Born in Trinidad, Claudia Jones migrated to the US with her family as a child. She caught tuberculosis as a teenager, and had to manage her health in relation to the damage done to her heart and luncgs for the rest of her lufe.
Radicalised as a communist and a Black Nationalist, Jones was imprisoned several times, and then deported as an ‘enemy of the state’ in 1955. The British Colonial Governor of Trininadad and Tobago would not allow her entry: “She may prove troublesome,” so she moved to the UK.
Jones’ campaigning focused on what she called the “triple oppression” of class, race and gender faced by black working class women. She faced a lot of racism in British communist circles.
In 1958, Jones founded Britain’s first major black newspaper, the West Indian Gazette. It was anti-racist, anti-imperialist and Marxist.
After the 1958 race riots in Notting Hill, Jones suggested a Mardi Gras-style carnival to unite and celebrate the multiple cultures in the aresa. For this, she is known as the Mother of Notting Hill Carnival.
Jones is buried in Highgate cemetary, to the left of Karl Marx.
Shirley Thompson is a composer, artistic director, conductor, academic, violinist and film maker.
She was the first woman to compose and musically direct for a major drama series at the BBC. Since then, she became the first woman in Europe to have composed and conducted a symphony in the past 40 years. The piece is an epic story of London’s 1000 year history, and included the Royal Philharmonic Orchestra, two choirs, solo singers, a rapper and dhol drummers.
Thomson draws influences from hop hop, reggae, jazz and soul, and her pieces include Queen Nanny of the Maroons, which was the first opera to give a heroic role to a woman’s voice. Queen Nanny was a rebel slave leader in 18th Century Jamaica.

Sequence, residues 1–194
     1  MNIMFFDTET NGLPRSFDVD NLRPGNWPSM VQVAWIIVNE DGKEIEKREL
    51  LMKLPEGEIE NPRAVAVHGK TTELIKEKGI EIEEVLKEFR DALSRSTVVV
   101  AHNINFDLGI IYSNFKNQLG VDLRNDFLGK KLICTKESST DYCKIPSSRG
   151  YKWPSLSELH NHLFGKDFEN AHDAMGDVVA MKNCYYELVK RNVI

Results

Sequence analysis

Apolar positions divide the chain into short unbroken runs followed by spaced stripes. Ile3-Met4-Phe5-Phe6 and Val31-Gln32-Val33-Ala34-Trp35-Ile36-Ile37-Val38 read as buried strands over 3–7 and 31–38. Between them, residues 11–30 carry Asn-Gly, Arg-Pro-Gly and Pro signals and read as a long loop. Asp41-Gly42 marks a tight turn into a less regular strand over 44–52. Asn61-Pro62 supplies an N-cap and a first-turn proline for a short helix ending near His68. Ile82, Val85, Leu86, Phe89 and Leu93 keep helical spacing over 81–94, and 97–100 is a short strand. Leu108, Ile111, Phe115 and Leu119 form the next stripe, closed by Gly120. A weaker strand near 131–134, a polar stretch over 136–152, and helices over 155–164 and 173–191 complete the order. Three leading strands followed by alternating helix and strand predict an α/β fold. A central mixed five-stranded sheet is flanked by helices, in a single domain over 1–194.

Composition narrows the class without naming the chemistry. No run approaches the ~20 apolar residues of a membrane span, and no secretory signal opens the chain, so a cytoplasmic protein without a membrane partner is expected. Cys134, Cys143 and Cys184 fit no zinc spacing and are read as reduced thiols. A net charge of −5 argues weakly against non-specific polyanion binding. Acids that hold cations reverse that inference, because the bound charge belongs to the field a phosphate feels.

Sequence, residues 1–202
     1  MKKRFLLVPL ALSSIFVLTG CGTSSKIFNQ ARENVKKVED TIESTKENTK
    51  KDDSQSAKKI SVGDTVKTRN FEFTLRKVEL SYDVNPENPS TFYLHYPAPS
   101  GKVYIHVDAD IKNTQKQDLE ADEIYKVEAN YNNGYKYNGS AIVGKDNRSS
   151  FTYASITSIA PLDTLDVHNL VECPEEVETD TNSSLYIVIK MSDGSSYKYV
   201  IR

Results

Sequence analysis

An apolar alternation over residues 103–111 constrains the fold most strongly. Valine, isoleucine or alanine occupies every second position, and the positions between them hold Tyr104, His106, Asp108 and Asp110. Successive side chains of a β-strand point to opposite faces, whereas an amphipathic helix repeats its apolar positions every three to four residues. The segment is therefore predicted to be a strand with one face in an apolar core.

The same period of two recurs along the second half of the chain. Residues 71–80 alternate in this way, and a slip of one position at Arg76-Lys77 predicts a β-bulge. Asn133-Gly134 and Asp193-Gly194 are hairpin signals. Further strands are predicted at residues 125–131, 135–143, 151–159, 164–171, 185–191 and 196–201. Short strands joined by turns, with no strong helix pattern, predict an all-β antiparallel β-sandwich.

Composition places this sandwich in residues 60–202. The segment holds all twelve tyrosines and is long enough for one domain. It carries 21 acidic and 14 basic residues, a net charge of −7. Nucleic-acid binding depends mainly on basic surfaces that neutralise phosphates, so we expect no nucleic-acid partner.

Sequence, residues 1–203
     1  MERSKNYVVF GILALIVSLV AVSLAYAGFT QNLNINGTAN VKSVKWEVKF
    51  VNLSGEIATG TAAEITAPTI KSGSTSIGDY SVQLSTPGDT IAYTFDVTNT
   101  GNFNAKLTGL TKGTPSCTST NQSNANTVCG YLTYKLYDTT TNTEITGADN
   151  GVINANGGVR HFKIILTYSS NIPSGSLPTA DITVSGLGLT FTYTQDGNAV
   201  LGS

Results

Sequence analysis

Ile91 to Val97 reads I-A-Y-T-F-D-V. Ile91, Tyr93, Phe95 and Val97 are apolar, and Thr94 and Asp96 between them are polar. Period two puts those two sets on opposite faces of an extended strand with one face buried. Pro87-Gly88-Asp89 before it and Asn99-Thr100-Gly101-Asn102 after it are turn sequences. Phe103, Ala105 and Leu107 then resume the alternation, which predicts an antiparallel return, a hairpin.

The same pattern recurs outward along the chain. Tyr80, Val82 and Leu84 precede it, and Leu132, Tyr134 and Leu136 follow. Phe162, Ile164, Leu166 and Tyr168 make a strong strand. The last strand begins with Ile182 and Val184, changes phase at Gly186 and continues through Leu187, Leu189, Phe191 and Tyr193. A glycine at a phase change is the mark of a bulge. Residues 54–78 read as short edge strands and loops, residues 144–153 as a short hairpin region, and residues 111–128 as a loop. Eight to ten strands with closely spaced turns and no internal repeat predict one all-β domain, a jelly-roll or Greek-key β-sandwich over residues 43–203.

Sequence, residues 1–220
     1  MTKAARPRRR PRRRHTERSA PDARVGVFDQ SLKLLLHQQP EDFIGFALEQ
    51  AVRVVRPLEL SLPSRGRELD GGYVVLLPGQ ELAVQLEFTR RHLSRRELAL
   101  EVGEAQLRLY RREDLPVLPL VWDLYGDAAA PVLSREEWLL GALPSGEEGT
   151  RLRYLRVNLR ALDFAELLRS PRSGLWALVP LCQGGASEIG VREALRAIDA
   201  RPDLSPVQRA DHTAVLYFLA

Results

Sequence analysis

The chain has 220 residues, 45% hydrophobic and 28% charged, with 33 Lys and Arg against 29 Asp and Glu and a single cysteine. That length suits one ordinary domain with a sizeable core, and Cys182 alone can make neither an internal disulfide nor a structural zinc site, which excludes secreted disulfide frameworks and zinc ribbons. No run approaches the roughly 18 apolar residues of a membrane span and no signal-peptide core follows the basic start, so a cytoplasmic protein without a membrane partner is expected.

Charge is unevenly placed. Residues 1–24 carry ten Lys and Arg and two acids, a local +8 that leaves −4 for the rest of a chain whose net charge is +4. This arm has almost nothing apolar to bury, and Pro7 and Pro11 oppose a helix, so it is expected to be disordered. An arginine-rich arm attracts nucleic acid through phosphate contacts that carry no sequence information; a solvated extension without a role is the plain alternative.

Hope Powell revolutionised women’s football in England.
Playing for Millwall Lionesses at 11, she joined the England team at 16, and was on the team for Englans’ts first World Cup appearance in 1995. She played for Engald 66 times.
At 31, Powell became the youngest coach of any English national football team, and the first woman, and the first person of colour to hold that office.
As coach, she didn’t just coach the seniors, she demanded a total overhaul of investment and support: she oversaw the structure from Under 15s to Under 23s, implemented central contracts so players can now train and play full time (instead of balancing football with another full-time job), and demanded high levels of medical expertise for her players – on par with that provided for men.
Powell is now Women’s First Team Manager of Brighton & Hove Albion.
CONTENT WARNING: graphic description of racist state violence, police violence, assault, murder.
Joy Gardner was a mature student. She had come to the UK to visit her mother and had overstayed her six month visa. On 28th July 1993, an immigration officer and five police officers turned up on her doorstep. They sat on her body, bound her hands to her sides, and wound 13 feet of surgical tape around he hear, as her young son listened from the next room. She collapsed due to asphysxia and died 4 days later.
The police officers were charged with manslaughter, but acquitted after arguing that what they did was standard practice.
Joy’s mother, Myrna Simpson, and her son, Graeme Burke, have never stopped fighting for justice.
The annual United Friends and Families Campaign march is on 28th October 2017 – 12pm, Trafalgar Square.
Facebook event here: https://www.facebook.com/events/148179809121346/
Space scientist & science educator
Aderin-Pocock was always committed to the stars, building her own telescope in her youh. After receiving her PhD in Mechanical Engineering and working for a while, she turned back to telescopes. She has worked on some massive astronomy engineering projects, like the Gemini telescope in Chile.